Welcome back to Guysourcing, where a panel of helpful gentlemen answer your questions! This week, at the request of a reader, we asked guys, "do you ever cry, and if so, what makes you cry? When/where is it okay for you to cry? When/where is it definitely not okay? How does crying make you feel and how do you deal with it?" Below, they respond.
When my wife suddenly left me I cried. Whenever my shrink hits a nerve that helps me move forward and get better mentally I sob. When my parents refused to give me Christmas or birthday presents one year because they were friends with my ex wife and thought that by denying me affection I might try to come back to her I tried not to cry, but on Christmas day when they didn't pick up the phone I did. Crying always feels awful when it happens, but, oddly, I always feel better the next day after a crying jag has happened. As to when and where it's OK to cry. It's OK to cry in front of an intimate partner. It's OK to cry in front of my shrink. It's OK to cry alone. But, crying in front of friends or acquaintances who do not have that level of emotional investment with me is not cool, because it just makes everyone feel awkward and it's impolite to make their night bad just because I feel bad.
I seem to cry for reasonable and unreasonably weird reasons. For example, I definitely cried when my great-grandma died and I think I teared up during the first Transformers and other crappy movies. I'll definitely cry when I'm unbearably sad, but there are also those weird times watching movies where I'll go out of my way to try to hide the fact that I'm tearing up. I was even recently explaining the Rolling Stone article from a while back about David Foster Wallace's last days and I started tearing up like I knew him personally or something. I had to take a moment because crying on a bus (in well-lit public?) felt weird. However, I'll more frequently laugh so hard that I'll cry, which feels far more acceptable in public and is something I have way less control over. Once I'm crying because of laughter (watching a UCB performance or Arrested Development, talking with my family, or something equally hilarious), there's usually nothing that will make me stop. It might be the only crying I actually enjoy and don't try to hide.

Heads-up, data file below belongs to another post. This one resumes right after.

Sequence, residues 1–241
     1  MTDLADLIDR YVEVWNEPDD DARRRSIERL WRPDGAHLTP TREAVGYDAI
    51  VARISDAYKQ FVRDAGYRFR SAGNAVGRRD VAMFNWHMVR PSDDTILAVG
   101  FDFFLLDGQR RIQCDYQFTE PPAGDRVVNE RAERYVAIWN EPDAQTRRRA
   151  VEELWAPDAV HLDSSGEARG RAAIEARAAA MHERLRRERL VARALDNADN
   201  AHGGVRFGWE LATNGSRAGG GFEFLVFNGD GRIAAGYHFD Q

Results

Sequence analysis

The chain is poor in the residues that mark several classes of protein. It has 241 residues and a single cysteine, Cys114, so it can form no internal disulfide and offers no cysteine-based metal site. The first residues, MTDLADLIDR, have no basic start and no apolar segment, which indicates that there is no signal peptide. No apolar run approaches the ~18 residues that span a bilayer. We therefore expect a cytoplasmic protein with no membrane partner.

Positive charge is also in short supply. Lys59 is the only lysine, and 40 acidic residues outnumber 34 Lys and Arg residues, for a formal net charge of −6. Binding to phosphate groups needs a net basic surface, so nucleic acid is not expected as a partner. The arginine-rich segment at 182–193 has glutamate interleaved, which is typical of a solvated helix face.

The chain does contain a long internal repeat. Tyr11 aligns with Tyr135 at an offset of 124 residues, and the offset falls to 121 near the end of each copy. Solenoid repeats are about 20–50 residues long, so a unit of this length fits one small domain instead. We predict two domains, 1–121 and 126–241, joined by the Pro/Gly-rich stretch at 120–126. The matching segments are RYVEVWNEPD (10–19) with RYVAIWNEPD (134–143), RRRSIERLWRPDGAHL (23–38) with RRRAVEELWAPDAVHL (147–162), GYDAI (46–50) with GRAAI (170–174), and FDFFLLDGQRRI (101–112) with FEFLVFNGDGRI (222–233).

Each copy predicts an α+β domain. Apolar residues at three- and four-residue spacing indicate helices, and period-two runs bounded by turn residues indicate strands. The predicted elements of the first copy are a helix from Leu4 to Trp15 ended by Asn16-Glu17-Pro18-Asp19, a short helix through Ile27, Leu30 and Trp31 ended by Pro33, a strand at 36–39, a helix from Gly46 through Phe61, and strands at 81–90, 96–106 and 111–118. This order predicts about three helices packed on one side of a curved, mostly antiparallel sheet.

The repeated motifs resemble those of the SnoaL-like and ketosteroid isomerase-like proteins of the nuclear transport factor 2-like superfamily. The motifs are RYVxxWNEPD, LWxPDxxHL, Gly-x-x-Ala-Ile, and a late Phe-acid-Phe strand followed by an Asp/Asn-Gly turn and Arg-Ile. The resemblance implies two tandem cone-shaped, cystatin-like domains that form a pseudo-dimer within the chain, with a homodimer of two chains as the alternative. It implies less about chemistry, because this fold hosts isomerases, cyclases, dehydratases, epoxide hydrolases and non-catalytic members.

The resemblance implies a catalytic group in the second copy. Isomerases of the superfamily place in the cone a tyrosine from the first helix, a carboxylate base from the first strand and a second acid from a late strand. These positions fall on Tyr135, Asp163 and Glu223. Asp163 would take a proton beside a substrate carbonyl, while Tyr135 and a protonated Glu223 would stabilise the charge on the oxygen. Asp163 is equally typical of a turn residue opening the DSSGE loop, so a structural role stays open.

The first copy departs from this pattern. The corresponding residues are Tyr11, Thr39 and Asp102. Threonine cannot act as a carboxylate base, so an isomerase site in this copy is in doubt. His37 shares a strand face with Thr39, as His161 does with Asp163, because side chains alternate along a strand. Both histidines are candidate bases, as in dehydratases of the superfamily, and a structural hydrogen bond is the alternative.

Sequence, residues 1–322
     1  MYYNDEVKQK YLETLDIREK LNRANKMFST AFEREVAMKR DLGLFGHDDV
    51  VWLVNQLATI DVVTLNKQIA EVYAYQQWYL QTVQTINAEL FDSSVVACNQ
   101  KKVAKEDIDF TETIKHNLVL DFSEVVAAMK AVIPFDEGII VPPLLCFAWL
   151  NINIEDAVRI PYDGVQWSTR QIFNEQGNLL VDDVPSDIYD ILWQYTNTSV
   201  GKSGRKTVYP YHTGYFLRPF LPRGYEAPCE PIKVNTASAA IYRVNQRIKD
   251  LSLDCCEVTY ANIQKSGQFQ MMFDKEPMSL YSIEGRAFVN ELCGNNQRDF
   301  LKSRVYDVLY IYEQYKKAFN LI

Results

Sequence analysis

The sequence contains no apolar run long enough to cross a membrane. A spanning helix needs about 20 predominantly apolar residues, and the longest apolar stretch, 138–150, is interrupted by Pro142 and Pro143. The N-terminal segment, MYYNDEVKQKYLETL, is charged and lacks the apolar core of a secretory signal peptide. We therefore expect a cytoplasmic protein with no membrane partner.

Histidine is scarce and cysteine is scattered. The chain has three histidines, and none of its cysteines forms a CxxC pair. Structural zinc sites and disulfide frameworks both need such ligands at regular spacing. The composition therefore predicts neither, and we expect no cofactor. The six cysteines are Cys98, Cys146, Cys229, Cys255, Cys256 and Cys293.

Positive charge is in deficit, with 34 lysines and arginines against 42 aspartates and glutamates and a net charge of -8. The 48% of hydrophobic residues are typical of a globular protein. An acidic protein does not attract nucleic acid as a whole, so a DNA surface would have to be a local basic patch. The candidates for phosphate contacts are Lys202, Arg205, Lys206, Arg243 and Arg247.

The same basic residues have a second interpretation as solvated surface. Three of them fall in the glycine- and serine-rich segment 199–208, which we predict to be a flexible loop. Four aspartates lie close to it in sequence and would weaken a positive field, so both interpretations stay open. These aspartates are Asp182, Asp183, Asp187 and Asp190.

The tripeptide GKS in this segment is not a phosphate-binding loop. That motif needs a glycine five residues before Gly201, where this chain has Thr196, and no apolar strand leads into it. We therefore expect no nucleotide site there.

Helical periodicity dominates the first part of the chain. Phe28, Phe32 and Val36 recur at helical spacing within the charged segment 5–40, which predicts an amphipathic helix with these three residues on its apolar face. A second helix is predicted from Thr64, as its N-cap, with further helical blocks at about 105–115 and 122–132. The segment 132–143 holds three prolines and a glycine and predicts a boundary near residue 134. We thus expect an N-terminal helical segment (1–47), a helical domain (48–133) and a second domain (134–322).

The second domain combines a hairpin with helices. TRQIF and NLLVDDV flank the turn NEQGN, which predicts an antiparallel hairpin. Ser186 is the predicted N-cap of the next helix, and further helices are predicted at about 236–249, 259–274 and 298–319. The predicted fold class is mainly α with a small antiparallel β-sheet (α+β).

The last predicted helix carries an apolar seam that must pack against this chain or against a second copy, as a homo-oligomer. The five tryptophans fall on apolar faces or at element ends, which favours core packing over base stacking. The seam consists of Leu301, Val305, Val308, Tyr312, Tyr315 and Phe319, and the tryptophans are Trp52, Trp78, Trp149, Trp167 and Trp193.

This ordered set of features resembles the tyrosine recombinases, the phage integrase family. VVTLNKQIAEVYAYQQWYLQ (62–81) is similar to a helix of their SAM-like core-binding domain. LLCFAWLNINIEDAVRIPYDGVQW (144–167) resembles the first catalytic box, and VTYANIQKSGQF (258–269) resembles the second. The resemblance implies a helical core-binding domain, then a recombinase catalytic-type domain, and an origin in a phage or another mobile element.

The bright orange jacket
Crying is fine, but crying in public is bad times. Sometimes it's appropriate to cry in public, as a guy, but funerals and excruciating sports losses are the only two that come to mind. And crying alone, or around very close loved ones in private, is not the end of the world. Fuck it, I'll admit it; I teared up during Just Like Heaven. But I was alone with my girlfriend on the couch. I think most guys like me feel that crying in public makes us look weak, unable to control our emotions, and vulnerable. (And when we're with a girl, in public, and SHE starts crying...oh, man, we might as well wear a bright-orange jacket that reads "YES, THIS IS ALMOST CERTAINLY MY FAULT.")
Sticking up for the underdog
I used to cry all the time as a child and after puberty it seems that my tear ducts have more or less dried up. I can't tell you the last time I had a big cry, either in public or in private. That said, as I get older I seem to become more of a cryer when it comes to TV shows and movies and such, then I think it's OK to cry as long as you keep it quiet and don't make a big scene. No one wants to listen to a sloppy sally when they're trying to watch The Muppets at the theater.